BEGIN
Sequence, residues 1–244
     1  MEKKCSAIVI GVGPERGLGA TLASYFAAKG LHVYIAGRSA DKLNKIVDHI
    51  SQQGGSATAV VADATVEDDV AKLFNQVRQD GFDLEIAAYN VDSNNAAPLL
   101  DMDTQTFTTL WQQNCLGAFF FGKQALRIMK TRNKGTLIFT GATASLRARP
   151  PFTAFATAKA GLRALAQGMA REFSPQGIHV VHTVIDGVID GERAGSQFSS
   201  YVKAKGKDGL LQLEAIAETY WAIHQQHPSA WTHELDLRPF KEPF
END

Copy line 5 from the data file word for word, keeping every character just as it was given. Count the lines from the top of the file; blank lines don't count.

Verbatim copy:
   151  PFTAFATAKA GLRALAQGMA REFSPQGIHV VHTVIDGVID GERAGSQFSS